KJAN Ag/Outdoor

From County extension to conservation to grain prices, we provide lots of information every day on KJAN.  Here is some of that information on the web too!  We hope you find it useful.

IA beef producer talks about recent trade mission to Mexico, El Salvador, and Honduras

Ag/Outdoor

May 6th, 2013 by Ric Hanson

The number of cows being raised for beef in Iowa is at its lowest level in 60 years, but producers are expecting to add to their herds as the drought eases. Iowa beef producer Steve Rehder, of Hawarden, says Iowa should continue to pursue new markets despite the current situation.

Steve Rehder (Radio Iowa/photo)

Rehder represented the Iowa Beef Industry Council last month as part of an Iowa meat trade mission to Mexico, El Salvador, and Honduras. He says there are some big challenges for Iowa beef in the latter two countries.

“The biggest issue is the price of beef and we informed them, because of low numbers, that’ll be an issue for quite a while,” Rehder said. “Our inventory of cattle is the lowest it’s been since 1952 and coincidentally, Mexico, El Salvador, and Honduras are enduring the same problem.” The six-day trip in April marked the first time a representative of the Iowa Beef Industry Council has visited El Salvador and Honduras. Rehder noted the countries are already importing high quality beef for the people who can afford it.

“As far as increasing the market for the more poverty stricken people, that’s where we need the price of beef to come down a little bit so it can be more competitive,” Rehder said. “The infrastructure is there and I really believe…we have the opportunity to increase exports down to those countries.” During the trade mission, the Iowa delegation toured processing plants and retail supermarkets. Rehder said many of the people he met are hoping to attend the World Beef Expo in Wisconsin in late September.

“I plan on being there and meeting up with a few of them again. Just making contact and having people from Iowa come down to see them…they were really impressed by that,” Rehder said. The Central American Free Trade Agreement allows U.S. Choice and Prime beef to enter both El Salvador and Honduras without a tariff, because it does not compete with their own grass-fed beef. Mexico was the third largest U.S. beef export market in value and the largest in volume in 2012.

(Radio Iowa)

Rain and snow help erase drought

Ag/Outdoor, News, Weather

May 6th, 2013 by Ric Hanson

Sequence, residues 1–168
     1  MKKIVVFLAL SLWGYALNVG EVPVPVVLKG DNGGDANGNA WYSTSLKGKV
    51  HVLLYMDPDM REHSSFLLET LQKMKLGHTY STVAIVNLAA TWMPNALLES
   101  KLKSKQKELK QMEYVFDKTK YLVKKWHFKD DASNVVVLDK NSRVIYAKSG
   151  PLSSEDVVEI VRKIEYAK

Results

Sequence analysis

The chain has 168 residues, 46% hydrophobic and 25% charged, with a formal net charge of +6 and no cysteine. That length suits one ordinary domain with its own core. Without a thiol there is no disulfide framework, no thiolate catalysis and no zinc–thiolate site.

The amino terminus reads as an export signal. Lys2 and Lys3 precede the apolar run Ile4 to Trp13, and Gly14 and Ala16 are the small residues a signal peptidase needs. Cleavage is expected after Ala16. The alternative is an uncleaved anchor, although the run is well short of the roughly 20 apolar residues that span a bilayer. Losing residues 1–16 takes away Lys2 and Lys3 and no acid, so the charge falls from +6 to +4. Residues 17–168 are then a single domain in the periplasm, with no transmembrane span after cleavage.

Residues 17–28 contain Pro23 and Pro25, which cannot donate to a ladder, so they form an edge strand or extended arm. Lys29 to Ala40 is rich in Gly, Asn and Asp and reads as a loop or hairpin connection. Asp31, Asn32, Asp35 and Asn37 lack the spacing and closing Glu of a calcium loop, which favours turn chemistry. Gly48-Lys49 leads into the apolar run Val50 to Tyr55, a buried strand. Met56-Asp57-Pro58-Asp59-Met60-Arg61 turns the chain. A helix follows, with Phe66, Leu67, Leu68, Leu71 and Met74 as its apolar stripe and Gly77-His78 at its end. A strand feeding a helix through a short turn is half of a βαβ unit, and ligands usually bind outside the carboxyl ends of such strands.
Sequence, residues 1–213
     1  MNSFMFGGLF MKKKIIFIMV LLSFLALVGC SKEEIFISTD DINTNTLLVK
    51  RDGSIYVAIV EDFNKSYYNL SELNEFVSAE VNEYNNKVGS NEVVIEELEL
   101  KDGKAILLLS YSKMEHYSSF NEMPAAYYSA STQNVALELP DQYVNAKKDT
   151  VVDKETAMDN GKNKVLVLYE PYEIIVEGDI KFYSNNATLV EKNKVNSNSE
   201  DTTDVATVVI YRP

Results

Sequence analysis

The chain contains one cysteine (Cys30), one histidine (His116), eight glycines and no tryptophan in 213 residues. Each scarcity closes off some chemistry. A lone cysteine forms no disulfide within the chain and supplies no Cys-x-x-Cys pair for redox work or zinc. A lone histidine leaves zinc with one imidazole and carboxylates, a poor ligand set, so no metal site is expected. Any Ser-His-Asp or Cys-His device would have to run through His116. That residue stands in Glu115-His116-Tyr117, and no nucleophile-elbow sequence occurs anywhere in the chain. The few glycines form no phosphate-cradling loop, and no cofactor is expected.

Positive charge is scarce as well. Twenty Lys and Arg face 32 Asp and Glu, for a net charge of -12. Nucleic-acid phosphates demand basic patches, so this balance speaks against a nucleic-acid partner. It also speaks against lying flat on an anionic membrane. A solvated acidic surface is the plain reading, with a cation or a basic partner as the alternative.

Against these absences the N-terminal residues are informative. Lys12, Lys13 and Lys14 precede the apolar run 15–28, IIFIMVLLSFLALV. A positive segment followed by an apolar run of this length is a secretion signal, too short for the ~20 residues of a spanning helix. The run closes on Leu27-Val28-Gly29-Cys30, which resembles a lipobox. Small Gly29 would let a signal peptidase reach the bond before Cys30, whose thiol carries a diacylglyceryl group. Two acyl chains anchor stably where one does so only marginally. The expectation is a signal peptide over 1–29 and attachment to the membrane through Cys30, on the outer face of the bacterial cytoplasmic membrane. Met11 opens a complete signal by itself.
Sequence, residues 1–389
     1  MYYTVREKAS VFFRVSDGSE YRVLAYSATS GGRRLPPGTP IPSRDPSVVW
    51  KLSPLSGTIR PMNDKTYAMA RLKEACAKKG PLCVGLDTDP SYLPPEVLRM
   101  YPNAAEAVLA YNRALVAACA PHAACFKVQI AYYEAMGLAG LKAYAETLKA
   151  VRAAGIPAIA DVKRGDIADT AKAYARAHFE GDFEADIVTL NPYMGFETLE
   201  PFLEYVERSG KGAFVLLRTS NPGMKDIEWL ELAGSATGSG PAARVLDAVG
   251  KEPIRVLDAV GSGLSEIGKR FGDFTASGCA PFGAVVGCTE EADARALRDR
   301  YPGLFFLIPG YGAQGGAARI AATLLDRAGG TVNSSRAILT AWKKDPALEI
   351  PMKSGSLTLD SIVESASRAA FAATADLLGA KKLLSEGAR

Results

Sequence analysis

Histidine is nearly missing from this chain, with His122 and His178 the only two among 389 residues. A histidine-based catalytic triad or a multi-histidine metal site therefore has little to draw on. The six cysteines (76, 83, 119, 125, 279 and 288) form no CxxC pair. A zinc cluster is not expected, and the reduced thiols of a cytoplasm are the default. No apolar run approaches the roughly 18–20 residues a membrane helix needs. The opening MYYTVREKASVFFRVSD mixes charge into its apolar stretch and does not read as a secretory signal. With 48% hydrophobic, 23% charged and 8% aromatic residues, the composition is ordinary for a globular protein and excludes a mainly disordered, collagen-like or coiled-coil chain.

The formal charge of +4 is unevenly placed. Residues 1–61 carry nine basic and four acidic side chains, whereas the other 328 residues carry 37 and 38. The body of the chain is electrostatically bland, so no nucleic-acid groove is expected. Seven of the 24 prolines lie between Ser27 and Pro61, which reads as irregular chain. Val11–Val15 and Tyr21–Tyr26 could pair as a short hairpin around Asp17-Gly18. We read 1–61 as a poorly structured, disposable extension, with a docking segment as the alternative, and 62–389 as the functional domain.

The recent rain and snow have played havoc with outdoor events and activities, but all the moisture has a positive side. Tim Hall of the Iowa Department of Natural Resources says moisture of any type is important after the severe drought that hit the state. “This is exactly what we’d hoped for, is sustained long-term, better then normal precipitation during the months when we typically get a lot of rain anyway. And March and April and May are pretty wet months, and we are getting more than normal right in those months,” Hall says.

April set a new statewide average for rainfall at six-point-five-two inches (6.52), with normal rainfall for April at three-point-five-one (3.51) inches. A new drought map comes out Thursday, and Hall expects to see the areas with severe problems continuing to shrink. “We’re making some real improvement in the drought conditions in the state, and I think we’re gonna continue to see improvement in the near future,” according to Hall. Not only has the amount of rain increased, it is coming at a time where the frost is out of the ground — so the rain that falls or snow that melts — sinks into the soil.

“In fact our groundwater folks who work with a lot of the water utilities in northwest Iowa are starting to see that reflected in the water levels in some of the wells that are used to supply drinking water,” Hall says. “So we’re starting to see some gradual recovery in the levels in wells, which is indicative of the water making it down into the ground where it is going to do some real good.” He says those areas that were not hit as hard by the drought are building up some reserve with the rains that’re falling now. Hall says that makes it less likely they’ll get back into a water shortage.

“I think if the rainfall stopped for a couple of weeks, which it probable will — I mean we go through periods where we don’t get rain for a couple three weeks — the real danger is if that rainfall slows down or stops and we get excessively hot where the demand for water also starts to go up in conjunction with the rain going down,” Hall says. Hall says farmers are probably really hoping the rain will stop for awhile so they can get into the fields — but he says even they will be happy that all the moisture is replenishing the groundwater.

(Radio Iowa)

Deadline approaching to honor older Iowa farms

Ag/Outdoor, News

May 5th, 2013 by Ric Hanson

DES MOINES, Iowa (AP) – A deadline is approaching for owners who want to recognize their generational farms in Iowa.  Owners have until June 1 to apply for the century and heritage farm program. It recognizes families that have owned their farms for 100 years and 150 years.  Iowa Secretary of Agriculture Bill Northey says the program highlights the state’s deep history and strong agricultural heritage.